>>> John Matlock <[log in to unmask]> 4/18/2007 5:43 AM >>>

Detroit News
April 17, 2007

More Michigan parents see college as essential
Jennifer Mrozowski and Mike Wilkinson / The Detroit News
As Michigan reels from an eroding industrial job base, parents are 
getting the message: their children's success depends more than ever 
on higher education.
Fifty-nine percent of Michigan parents said everyone should get a 
degree, compared to 54 percent in 2005, according to a Detroit 
News/Channel 7 poll of 600 people released Tuesday.
Less certain is whether parents will ensure their children get a 
higher education. More than half said they'd encourage their kids to 
go to college, but leave the choice up to them. Just 37 percent say 
their children will definitely attend.
"The desire is there, but not the commitment," said pollster Ed 
Sarpolus of EPIC-MRA.
The poll measures public attitudes at what community leaders say is a 
critical time. The state must prepare for the high-tech jobs of the 
future, they say, which means changing long-held attitudes about 
education for a work force that's accustomed to high-paying jobs with 
minimal schooling.
Among the other findings of the poll, conducted April 2-12 by 
EPIC-MRA and sponsored by Your Child and the Skillman Foundation:

Nine percent of parents want their children to consider jobs in 
health care -- one of the fastest growing areas of the local economy 
-- compared to none in the last survey.

Parents' confidence in the state educational system's ability to 
teach their kids has declined by six points.

More parents are taking action on that lack of confidence: According 
to the survey, supported by state education statistics, more are 
turning to charter schools -- or even their own kitchen tables as 
they home-school their children.

The poll has a margin of error of 4 percentage points.
"It's clear that parents believe their children's education is more 
important than ever," said Mike Flanagan, state superintendent of 
public instruction. "More people believe their children should take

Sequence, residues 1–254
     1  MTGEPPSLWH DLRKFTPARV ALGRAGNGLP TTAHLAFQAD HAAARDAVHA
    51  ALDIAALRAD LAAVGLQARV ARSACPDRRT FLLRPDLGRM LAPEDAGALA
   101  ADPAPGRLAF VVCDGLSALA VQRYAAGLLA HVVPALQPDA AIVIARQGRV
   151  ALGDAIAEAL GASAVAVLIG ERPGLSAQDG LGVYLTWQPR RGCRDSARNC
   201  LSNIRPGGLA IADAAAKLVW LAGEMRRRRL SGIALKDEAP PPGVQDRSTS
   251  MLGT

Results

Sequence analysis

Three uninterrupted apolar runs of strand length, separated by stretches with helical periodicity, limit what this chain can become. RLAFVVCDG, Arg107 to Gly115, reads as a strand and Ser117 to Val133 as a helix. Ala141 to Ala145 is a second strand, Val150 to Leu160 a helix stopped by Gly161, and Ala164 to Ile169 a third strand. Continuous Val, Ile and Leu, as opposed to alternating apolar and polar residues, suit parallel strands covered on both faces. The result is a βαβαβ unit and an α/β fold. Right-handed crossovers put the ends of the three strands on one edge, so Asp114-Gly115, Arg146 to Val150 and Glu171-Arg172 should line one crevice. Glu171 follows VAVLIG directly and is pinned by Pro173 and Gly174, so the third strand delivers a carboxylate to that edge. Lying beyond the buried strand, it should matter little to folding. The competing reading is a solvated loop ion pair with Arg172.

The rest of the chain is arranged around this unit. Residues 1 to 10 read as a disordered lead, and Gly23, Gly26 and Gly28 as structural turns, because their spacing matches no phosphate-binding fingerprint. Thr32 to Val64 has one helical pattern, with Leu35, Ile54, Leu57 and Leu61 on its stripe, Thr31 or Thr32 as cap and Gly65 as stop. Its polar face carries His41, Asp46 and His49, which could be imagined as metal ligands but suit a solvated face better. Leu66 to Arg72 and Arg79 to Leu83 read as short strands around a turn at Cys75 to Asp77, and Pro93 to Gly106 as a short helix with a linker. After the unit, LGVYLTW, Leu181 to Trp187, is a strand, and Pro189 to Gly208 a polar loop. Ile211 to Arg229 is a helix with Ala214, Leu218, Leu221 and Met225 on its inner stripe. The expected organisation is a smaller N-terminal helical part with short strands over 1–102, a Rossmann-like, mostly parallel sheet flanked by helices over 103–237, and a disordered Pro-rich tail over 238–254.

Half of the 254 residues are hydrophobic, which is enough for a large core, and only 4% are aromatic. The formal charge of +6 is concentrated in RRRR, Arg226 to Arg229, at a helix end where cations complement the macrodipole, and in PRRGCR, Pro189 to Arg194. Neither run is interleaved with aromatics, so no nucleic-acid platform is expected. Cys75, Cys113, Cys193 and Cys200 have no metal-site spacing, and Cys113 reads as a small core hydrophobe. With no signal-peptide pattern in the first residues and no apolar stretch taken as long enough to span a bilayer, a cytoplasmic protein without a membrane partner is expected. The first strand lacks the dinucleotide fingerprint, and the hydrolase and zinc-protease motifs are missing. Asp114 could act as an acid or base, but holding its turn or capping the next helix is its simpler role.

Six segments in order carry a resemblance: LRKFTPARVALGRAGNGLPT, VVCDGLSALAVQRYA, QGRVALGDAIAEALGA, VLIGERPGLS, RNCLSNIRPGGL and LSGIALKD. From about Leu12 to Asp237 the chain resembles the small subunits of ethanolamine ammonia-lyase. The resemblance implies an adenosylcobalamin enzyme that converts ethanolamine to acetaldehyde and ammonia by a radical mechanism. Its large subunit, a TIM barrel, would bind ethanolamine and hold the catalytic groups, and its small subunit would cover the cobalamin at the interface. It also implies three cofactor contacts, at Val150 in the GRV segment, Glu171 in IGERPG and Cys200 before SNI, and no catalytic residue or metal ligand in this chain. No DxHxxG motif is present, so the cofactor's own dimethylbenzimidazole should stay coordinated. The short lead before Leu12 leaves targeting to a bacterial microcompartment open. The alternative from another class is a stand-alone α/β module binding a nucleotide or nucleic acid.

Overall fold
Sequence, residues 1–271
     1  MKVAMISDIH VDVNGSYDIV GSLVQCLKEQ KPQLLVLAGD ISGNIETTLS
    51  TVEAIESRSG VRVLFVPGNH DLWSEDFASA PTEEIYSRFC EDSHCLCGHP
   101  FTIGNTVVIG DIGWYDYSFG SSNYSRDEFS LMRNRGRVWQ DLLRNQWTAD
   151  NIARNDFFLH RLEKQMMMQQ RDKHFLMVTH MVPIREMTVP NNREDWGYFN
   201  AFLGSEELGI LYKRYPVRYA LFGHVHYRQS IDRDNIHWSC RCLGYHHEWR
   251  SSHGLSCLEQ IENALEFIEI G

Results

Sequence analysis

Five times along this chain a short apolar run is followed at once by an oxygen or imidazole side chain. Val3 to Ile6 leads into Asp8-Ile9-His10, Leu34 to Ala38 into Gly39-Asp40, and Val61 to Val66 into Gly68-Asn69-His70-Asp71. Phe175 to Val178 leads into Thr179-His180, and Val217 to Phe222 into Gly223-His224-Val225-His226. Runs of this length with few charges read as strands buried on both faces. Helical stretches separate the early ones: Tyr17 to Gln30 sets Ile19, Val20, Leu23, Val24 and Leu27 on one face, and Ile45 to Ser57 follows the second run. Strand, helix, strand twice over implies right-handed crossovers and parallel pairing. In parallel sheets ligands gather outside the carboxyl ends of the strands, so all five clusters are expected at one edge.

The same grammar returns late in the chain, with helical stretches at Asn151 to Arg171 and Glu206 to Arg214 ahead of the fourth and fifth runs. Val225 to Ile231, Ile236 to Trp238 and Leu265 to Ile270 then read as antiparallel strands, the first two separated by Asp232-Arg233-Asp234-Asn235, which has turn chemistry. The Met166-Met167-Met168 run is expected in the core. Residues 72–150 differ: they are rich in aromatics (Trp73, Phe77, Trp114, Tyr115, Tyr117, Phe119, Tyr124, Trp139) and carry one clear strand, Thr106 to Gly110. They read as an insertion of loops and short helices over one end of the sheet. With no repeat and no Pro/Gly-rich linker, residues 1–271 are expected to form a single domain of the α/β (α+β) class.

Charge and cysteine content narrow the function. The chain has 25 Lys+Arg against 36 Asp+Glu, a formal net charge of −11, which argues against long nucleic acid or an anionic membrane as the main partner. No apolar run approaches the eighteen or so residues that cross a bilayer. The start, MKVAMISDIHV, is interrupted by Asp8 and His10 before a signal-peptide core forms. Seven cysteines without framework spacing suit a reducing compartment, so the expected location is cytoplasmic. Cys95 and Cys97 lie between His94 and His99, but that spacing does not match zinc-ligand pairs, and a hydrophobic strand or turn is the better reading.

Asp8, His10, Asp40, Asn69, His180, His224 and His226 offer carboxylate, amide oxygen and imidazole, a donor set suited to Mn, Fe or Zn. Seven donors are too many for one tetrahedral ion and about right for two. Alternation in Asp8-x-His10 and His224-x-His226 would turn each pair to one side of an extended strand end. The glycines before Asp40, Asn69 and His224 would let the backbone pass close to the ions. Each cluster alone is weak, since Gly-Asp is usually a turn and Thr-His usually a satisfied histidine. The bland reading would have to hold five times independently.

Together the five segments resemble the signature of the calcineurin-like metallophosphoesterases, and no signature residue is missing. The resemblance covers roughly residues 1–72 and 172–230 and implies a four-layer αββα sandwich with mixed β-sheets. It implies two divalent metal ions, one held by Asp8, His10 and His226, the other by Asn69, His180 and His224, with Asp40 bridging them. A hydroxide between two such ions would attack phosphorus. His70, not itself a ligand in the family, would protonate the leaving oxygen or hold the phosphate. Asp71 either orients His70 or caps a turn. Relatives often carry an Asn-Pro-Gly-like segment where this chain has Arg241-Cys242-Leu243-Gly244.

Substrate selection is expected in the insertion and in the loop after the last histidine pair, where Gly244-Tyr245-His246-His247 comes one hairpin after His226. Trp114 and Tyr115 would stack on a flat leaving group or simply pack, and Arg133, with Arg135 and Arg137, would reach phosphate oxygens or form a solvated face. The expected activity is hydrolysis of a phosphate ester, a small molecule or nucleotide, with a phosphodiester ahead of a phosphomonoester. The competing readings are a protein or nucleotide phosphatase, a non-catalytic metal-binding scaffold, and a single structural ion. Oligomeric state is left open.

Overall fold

harder, more challenging, courses and need more than a high school 
diploma to earn a decent living."
With parents fretting about whether their children will have the 
opportunities for success, experts say the changing attitudes reflect 
a hopeful trend for a state that ranks below average in the 
percentage of adults with a college degree.
Deidra Highbaugh said she moved her children from a Detroit public 
school to Detroit Edison Public School Academy, a charter school, 
because she believed the charter would do a better job of preparing 
her children for college, which is something she and her husband 
expect of their kids.
"It's not that I don't want them to make their own choices," 
Highbaugh said. "But they have to have a college education if they 
are going to make it as adults and enjoy their lives."
Laura Perna, an associate professor of higher education at the 
University of Pennsylvania, cautioned that the apparent swell of 
support for college could also be a reflection of the faltering 
economy -- attending college becomes more common when job 
opportunities narrow, she said. But overall, she said it could bode 
well, since research has shown that parental involvement and 
encouragement lead to higher college attendance rates.
"I think it's good news that parental attitudes are improving toward 
higher education," she said.
But it also takes money and solid academic preparation to get to 
college, Perna said. For parents who didn't go to college, it 
requires more effort to navigate what may be a foreign world.
"The onus is really on parents to bridge that gap and it can be 
difficult when they don't have the first-hand knowledge and 
experience with higher education themselves," she said.
You can reach Jennifer Mrozowski at (313) 222-2269 or
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Watch it
Detroit Regional Chamber, the DTE Energy Foundation, WXYZ (Channel 7) 
and The Detroit News are sponsoring a live town hall meeting on 
education to air 8-9 p.m. Thursday on Channel 7. Panelists will 
discuss the importance of a high-quality education in the 
knowledge-based economy.